Posts tagged pedalling
If you can make it through this post without confusion, you’ll be considered an educated PRO! The middle pedal has actually 5…count ’em FIVE usages that i’ve seen… so here goes… follow if you can… starting from the authentic usage…
1. If the right pedal is known as the sustain pedal and sustains the notes, the middle pedal – known as the sostenuto, also ‘sostenuto’s the notes. Y’see, the word sostenuto in Italian actually means ‘sustain’. So there are two sustain pedals on a piano? Well… yes and no. The right sustain pedal lifts all of the dampers on the piano. The middle pedal is actually what one might call a ‘selective’ sustain. Sustain happens only to the notes that are depressed on the keyboard. The two pedals are quite different in how they operate. While the damper/sustain pedal is connected to a long rail that has physical contact with the dampers, the sostenuto pedal only enables a ‘trip switch’ to hold the dampers up that were once depressed. The technique required then is to depress a the key – then hit the switch (sostenuto pedal) and the pedal will sustain only the notes related to the keys depressed. Sostenuto is ONLY an on/off control. Unlike the sustain where you can achieve many shades or levels of the damping, the sostenuto either holds the notes or it doesn’t. There is no middle ground.
2. Ok to make yet MORE confusion… MOST upright pianos have opted out for a simpler ‘bass damper’ approach. Rather than the ‘selective sustain’, the bass damper simply lifts the entire bass section. Why? Because sostenuto playing USUALLY involves just damping the bass – holding those notes and changing the top keys in some way.
3. If your piano comes from anywhere in Asia, the middle pedal has NOTHING to do with sostenuto or bass damper AT ALL! It is called a ‘practice mute’ pedal. Due to the fact that in Asia, MANY of the homes are either in close quarters or in apartments, the sostenuto was done away with and this mute was installed. It simply cuts the volume by 30-40%
4. Digital ‘silent’ option. Some of the newer and, i might add more expensive pianos have a digital mechanism installed that blocks the hammers all together and replaces that with a digital piano! Yep, you can plug in your headphones and play without making a sound. Only problem is… this option costs usually another $5000-10,000! Ouch.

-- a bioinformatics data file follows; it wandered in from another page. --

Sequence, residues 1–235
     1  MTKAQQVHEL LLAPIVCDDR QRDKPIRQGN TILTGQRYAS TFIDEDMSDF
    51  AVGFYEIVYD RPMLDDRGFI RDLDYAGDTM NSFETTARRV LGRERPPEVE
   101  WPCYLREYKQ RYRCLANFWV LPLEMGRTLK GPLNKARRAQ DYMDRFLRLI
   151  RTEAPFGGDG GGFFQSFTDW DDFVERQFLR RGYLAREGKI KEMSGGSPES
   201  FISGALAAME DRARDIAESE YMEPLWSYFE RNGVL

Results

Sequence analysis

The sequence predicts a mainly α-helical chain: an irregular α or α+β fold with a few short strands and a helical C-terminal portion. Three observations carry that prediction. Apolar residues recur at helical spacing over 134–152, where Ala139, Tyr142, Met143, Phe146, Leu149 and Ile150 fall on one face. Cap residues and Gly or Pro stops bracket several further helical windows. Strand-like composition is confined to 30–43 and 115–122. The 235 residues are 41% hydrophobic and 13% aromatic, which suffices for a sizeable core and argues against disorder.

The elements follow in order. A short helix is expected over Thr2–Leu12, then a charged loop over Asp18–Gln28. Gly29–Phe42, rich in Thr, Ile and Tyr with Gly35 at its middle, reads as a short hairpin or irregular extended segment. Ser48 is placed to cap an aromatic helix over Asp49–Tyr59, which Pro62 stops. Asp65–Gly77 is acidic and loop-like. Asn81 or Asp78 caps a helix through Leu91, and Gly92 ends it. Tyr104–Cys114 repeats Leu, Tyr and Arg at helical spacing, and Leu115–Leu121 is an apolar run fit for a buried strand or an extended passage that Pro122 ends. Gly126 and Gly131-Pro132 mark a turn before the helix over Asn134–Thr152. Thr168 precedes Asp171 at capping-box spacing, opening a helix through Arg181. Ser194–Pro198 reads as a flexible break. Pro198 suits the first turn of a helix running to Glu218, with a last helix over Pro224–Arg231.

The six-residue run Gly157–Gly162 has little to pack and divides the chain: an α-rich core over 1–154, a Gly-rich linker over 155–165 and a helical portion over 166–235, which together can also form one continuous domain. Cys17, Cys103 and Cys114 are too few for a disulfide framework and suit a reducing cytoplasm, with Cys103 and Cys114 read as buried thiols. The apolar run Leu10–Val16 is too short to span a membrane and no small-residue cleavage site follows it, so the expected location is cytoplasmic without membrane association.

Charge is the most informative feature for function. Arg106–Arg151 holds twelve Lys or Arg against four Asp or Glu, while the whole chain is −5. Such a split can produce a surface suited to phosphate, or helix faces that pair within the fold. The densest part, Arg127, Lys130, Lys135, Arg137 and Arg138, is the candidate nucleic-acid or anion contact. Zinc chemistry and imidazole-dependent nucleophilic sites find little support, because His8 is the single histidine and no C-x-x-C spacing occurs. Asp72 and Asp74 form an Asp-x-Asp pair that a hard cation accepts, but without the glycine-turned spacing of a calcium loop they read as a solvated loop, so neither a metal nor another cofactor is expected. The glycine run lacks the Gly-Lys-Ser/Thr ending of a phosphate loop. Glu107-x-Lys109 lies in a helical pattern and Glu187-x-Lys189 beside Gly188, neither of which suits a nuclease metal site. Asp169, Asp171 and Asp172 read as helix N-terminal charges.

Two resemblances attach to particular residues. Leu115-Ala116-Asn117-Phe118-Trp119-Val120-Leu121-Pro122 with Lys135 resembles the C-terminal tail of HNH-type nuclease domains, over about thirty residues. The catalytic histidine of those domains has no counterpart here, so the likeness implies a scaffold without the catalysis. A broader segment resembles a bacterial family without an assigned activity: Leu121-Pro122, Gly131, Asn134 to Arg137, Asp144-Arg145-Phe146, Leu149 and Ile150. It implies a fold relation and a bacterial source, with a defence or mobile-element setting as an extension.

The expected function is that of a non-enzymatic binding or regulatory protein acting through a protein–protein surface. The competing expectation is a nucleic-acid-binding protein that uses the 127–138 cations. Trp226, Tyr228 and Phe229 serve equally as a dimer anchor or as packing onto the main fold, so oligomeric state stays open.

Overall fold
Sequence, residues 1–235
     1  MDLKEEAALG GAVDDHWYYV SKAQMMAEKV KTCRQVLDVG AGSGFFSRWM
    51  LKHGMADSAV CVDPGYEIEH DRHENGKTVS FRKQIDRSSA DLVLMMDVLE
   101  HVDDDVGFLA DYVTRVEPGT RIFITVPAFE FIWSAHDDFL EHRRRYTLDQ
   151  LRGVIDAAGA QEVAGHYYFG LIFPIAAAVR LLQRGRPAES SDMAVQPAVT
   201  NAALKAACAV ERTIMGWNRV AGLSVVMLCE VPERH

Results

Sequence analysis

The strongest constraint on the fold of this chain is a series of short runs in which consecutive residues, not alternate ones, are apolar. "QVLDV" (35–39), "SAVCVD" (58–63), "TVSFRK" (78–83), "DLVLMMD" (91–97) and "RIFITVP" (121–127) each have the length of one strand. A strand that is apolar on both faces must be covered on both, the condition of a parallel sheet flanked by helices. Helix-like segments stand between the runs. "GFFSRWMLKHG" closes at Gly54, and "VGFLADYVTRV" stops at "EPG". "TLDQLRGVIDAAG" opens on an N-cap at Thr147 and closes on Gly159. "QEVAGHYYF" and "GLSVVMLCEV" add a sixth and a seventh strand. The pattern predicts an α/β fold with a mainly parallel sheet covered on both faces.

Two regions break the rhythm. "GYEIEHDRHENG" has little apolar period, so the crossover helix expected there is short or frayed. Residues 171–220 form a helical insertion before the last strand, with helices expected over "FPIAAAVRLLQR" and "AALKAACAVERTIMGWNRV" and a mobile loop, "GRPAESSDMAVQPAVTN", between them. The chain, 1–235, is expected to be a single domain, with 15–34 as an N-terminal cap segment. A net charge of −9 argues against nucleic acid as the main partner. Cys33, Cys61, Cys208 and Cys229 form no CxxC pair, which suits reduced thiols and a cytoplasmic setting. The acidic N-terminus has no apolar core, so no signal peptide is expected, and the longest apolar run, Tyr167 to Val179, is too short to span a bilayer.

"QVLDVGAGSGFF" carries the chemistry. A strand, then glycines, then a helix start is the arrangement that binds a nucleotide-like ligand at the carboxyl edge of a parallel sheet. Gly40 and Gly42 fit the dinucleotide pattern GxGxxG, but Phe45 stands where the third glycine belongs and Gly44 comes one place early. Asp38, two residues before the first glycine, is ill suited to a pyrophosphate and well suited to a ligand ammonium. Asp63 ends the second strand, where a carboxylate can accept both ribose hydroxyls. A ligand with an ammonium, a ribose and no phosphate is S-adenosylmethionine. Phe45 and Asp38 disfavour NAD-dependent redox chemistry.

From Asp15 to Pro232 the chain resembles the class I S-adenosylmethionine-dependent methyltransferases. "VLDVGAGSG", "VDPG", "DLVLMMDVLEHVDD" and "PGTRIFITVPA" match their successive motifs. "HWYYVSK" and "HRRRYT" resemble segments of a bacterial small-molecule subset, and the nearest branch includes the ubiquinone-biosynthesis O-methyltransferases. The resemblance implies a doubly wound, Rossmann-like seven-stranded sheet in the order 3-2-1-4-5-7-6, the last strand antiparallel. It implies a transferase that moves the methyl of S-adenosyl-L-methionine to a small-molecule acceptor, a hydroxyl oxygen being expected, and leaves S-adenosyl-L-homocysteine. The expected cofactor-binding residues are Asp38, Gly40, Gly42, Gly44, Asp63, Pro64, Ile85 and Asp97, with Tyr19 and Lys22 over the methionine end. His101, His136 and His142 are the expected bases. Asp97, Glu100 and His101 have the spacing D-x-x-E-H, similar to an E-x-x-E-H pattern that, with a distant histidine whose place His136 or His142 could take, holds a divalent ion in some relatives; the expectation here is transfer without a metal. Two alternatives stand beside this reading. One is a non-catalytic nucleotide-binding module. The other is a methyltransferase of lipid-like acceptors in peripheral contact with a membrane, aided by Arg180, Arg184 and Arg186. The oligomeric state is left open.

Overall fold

5. This quite possibly is one ‘feature’ that time and again makes me laugh. Because many people NEVER look inside their piano, the middle pedal is sometimes connected to NUTTIN’!! HAHAA true story. I’ve opened up many a piano and there’s a pedal there… and there’s absolutely NO connection to any other part of the piano. It’s purely cosmetic! Well that just simply makes me laugh out loud. But i must say, on the check list of pianos when people are shopping i quite often hear the words “oh good…3 pedals”.
So there you have it… the list of 5 usages for the middle pedal – from sostenuto to stylizer.
So we looked at the most important pedal, sustain in Just Pedalling Part 1. In this post we’ll look at the remaining 2 pedals. The left pedal correctly named the “Una Corda” pedal is an Italian term with a translation that simply means ‘one string’. On every piano, 6 out of the 7 octaves of notes have more than one string. This means then that one hammer is either striking 3 strings simultaneously or 2 strings (depending on how low). The very bottom notes only have one string. If you depress the left pedal on a grand, watch the keys because the ENTIRE keyboard shifts about an 1/8 of an inch to the right. Physically what is happening is that the hammers are shifted out of alignment so that they are no longer hitting 3 strings but rather two (one string is left off – thus una corda). And so the piano becomes quieter because it is not hitting all 3 strings. But something else is happening. Piano hammers get grooves in them because they strike the same position all the time. When you depress the U.C. (una corda) (funny… my teacher used to simply write U.C. in my music… apparently we were supposed to know what that was about…lol) the piano also takes on a different sound due to the fact that the alignment of the grooves in the hammers are also out of sync. This strike of the hammer is now on ‘fresh’ ungrooved felt and makes the piano not only quieter, but mellower. (is mellower even a word?) So that is the CORRECT way U.C. is to work. On uprights, the keyboard cannot move and so it operates COMPLETELY different. Due to the fact that there is no side to side movement, how does one make the piano quieter? Simply by installing a governor – which is a ceiling or a cap on the volume. If you try and clap your hands but only allow your hand to go only 5″ apart, how loud can you clap? Not that loud because distance creates velocity and velocity, volume. In the case of piano hammers, uprights simply move the hammers closer to the strings to create the pseudo soft playing effect. Is it effective? Not really… for 2 reasons. One is that the touch gets drastically affected. When the hammers move forward, most pianos then have ‘gaps’ in the touch because it has travelled the hammers towards the strings. Problem 2 – there is no ‘fresh felt’ kind of sound like grands have. It doesn’t move the hammers out of the grooves.